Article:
Dishing it Out!

Wait! I haven’t DISHED it out yet…..

Sure enough, some of the most pleasurable moments of my trip to China arrived when I followed herds of locales into their eateries.

Here is a review of some of my MEALS!

The first came on day 1. …a simple mustard green soup and vegetable

dumplings and sheep meat dumplings

Dumplings and soup on my first night. 2 dozen dumplings, a mixture of

sheep’s meat and mustard green mushroom and a tofu, mustard green miso

soup. All for about $3.50.

Pressed for time to catch my overnight solo train to Beijing, I happened

upon an 8 by 8 food stall where you loaded a plastic bin with various

vegetables and meats…and then waited shoulder to shoulder for your

creation to arrive. Those 10 minutes felt like 30, as the locals stared

at me with perplexing grimaces or would whisper and point. But this

build your own “pho” (who knows what the broth really was!) hit my taste

buds with an “A-HA!” and I happily slurped it up. Again, $3.00.

Maybe it is just my style, but I felt more swayed of selections eaten

off the streets and from small local shops or market stalls versus the

meals shared at restaurants with the larger group. To me, most of those dishes shared together were overly masked by oil and over-flavored.

HOWEVER, there were a few exceptions where I liked group meals.

The place settings are often wrapped for each guest.

Something unexpected and yet welcoming…My 6th morning in China, I

devoured a huge hotel breakfast. Almost all the traditional foods of

china plus western favorites were offered. For breakfast, I favoured the

soy sauce infused boiled egg:

In Shanghai, I convinced a few people to come with me to the steamed bun

place Anthony Bourdain ate at on one of his shows. This is a big steamed

dumpling with soup inside. The “broth” is a concoction of crab roe and

fish. Superb and delicate and layered. Perhaps the food here is now

OVERHyped but the simple dumplings also tasted gloriously fresh.

Also…our last night in Shanghai, we chowed down on some good eats.

Maybe it was because I had some really tasty but cheap Chinese Wine (It

is seriously about $2.50-$3.50 but tasty, made from a Big Company Called

the Great Wall). There are now more than 500 wineries in the country.

This was mighty tasty… (those are shredded potatoes in the front)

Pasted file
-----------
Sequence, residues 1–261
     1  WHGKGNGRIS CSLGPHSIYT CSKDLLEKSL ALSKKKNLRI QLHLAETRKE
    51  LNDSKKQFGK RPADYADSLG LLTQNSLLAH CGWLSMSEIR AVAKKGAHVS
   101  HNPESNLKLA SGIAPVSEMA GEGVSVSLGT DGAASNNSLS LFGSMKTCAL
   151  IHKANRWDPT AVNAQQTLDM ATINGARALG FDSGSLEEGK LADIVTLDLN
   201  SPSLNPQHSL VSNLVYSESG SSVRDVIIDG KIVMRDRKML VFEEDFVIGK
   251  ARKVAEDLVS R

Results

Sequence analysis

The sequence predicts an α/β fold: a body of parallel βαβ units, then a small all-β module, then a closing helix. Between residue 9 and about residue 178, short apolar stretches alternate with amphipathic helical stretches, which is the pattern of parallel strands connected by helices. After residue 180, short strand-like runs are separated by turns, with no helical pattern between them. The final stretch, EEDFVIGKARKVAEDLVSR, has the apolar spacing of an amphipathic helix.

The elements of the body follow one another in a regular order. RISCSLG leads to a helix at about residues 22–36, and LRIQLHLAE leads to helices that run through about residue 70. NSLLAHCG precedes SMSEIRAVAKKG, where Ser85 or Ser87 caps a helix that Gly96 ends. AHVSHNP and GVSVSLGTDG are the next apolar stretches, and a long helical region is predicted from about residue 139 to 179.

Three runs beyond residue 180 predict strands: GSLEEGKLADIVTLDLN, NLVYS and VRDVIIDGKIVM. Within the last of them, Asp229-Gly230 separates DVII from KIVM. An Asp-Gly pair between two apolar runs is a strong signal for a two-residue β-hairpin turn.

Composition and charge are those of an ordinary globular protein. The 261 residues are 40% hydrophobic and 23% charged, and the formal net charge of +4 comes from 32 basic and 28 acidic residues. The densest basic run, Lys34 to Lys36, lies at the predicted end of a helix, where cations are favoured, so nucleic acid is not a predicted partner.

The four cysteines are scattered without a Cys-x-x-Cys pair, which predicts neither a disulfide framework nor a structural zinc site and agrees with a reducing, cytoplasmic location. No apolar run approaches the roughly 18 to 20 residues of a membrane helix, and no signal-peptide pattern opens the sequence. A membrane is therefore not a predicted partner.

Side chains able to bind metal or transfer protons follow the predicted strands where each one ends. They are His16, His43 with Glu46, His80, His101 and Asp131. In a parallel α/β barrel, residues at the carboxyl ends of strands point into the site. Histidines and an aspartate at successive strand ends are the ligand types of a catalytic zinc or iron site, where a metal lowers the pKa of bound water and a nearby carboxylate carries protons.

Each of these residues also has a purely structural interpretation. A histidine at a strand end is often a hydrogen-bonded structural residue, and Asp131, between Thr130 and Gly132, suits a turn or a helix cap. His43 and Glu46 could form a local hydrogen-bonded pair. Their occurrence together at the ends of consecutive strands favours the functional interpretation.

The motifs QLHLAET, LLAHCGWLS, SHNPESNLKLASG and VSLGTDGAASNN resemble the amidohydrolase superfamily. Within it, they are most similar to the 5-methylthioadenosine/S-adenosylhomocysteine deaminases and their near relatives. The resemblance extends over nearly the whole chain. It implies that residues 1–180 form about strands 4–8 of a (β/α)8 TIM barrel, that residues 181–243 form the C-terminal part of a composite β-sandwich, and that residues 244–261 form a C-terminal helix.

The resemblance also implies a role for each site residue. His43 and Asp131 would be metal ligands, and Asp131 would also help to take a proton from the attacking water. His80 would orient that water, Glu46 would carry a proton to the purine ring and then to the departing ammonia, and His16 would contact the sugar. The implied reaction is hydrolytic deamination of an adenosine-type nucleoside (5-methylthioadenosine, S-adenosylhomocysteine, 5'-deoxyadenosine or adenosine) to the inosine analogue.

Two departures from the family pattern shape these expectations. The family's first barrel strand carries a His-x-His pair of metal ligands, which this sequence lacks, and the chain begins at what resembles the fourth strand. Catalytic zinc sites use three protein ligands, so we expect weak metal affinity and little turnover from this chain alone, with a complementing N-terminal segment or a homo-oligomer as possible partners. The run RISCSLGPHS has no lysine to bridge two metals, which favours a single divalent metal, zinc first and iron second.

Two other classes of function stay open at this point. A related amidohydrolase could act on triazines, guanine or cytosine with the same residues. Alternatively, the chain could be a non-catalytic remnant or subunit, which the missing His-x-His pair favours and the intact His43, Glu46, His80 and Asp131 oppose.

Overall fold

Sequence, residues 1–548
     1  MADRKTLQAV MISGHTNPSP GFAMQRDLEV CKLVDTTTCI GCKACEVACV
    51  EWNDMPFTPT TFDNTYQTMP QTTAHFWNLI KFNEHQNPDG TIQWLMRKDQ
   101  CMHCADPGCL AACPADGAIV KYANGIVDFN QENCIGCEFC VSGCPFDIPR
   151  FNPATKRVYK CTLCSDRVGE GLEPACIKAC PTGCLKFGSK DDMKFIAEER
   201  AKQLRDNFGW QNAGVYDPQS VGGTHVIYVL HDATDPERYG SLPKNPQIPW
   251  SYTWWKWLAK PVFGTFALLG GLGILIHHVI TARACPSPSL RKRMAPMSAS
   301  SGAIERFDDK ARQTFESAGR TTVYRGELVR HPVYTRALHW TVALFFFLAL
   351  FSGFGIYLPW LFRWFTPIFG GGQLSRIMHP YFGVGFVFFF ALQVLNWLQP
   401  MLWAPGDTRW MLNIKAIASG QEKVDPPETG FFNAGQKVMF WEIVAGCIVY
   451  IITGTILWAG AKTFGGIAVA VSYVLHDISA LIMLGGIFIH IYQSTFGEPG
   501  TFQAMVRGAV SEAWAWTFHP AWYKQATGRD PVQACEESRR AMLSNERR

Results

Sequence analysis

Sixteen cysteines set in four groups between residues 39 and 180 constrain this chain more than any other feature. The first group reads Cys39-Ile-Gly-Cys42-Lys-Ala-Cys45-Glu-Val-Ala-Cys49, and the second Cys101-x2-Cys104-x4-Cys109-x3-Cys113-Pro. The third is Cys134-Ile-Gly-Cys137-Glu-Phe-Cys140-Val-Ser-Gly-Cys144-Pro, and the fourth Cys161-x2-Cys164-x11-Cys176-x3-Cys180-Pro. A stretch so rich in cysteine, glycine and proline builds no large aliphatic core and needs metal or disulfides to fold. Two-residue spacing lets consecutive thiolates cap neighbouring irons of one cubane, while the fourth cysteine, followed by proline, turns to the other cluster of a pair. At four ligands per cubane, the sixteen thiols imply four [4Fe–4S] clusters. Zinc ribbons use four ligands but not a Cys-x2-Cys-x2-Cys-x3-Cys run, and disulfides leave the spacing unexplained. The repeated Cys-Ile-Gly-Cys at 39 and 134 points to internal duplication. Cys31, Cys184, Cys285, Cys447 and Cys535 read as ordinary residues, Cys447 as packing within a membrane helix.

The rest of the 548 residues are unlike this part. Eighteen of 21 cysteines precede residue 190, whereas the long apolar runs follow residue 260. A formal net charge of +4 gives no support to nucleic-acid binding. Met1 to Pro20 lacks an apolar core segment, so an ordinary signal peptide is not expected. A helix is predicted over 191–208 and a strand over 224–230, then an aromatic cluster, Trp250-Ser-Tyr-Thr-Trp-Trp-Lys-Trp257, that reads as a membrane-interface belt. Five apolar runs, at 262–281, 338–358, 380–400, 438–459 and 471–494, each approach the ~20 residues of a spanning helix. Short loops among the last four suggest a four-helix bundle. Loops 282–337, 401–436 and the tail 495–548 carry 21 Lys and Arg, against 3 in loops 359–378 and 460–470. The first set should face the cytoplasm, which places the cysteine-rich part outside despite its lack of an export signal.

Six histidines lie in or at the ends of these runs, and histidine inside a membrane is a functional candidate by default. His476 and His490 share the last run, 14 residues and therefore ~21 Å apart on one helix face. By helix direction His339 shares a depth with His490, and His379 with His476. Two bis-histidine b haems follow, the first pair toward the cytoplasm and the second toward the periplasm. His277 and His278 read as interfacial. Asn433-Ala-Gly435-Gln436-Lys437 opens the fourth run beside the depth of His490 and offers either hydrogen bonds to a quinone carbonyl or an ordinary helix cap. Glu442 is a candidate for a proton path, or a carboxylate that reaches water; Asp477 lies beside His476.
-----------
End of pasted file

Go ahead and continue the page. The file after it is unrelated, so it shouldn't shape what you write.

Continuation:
Despite many shared meals with the tour group, eating from market stalls

on the go truly satisfied my stomach pangs and fit my spiritual hunger. The meals with the group tended to be less flavourful and tasty, more

Marinated Lotus

salt and oil that in my opinion diluted the taste of the ingredients. My

taste buds didn’t sing at the gatherings.

Did I taste the bitterness of my own sense of overstimulation? A loneliness?

Or did I not jive with the culture itself?

I think it was a combination of commercialism (KFC RULED here!) and loss of tradition in China and my own disappointment… because when I ate what most locals did, well……

….let me introduce you to red bean paste…..next time……

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5 thoughts on “Dishing it Out!

  1. Very interesting review of the Chinese cuisine. I love eating local food wherever I go and I also like joining local cooking courses. Usually expensive but they give you a good understanding of the food you eat. Yes, I am a food geek!

  2. I think it doesn’t have anything to do with you, just with the over-doing of oil and salt (which is my personal hell duo – add MSG and it’s my hell trio). Gah.

    When I was 14, my parents and I went to the U.S. (west coast), and first station of our trip was San Francisco (loved it! Btw). I remember like yesterday how we went to Chinatown directly after arriving, totally overtired from an 13+ hours flight, and then had dinner in a Chinese restaurant, being the only non-Chinese people there. The menu was completely in Chinese, and we ordered blindly. It was awesome. I got straw mushroom in a yummy sauce that were completely unwilling to be eaten with chop sticks. 😀 This was also when we realized how different the “westernized” Chinese food is, compared to “real” Chinese food. (What we got at that restaurant was a lot more real than what we usually eat at a Chinese restaurant in Germany.) I’d never have thought that sweet-and-sour sauce was dark red (not slightly orange)! 😀 It was a great experience! Also, sitting next to Chinese families who shared their dished and slurped

  3. This was such a neat post!
    Ok, and I am super impressed that you and Anthony Bourdain ate at the same restaurant. Nice!
    I like to think of myself as adventurous when it comes to food, but I don’t know about eating sheep’s meat. I really should expand my foodie horizons.

  4. Great post, everything looks good. I love the idea of the local food more than the big meals in more touristy spots. I think for me the food was a little different because I was the only one in the group ordered different food, so mine was less oily and overcooked. We were told they were trying to show off an load us up with things to demonstrate good hospitality and the concept of more meat. But for me, I was served my own vegetarian items and I had some really great items. Too bad it was too much food and always went to waste. I am not sure why they thought I could eat the same amount just me that they made for the entire table. I was often served 10 course meals, full plates, for just me. Luckily the rest of the group was curious and shared with me. Sounds like some of those food items were the best part of your trip. You will have to visit me in Japan, or maybe Korea or Thailand or something like that…not right away, but at some point while I am in Japan.

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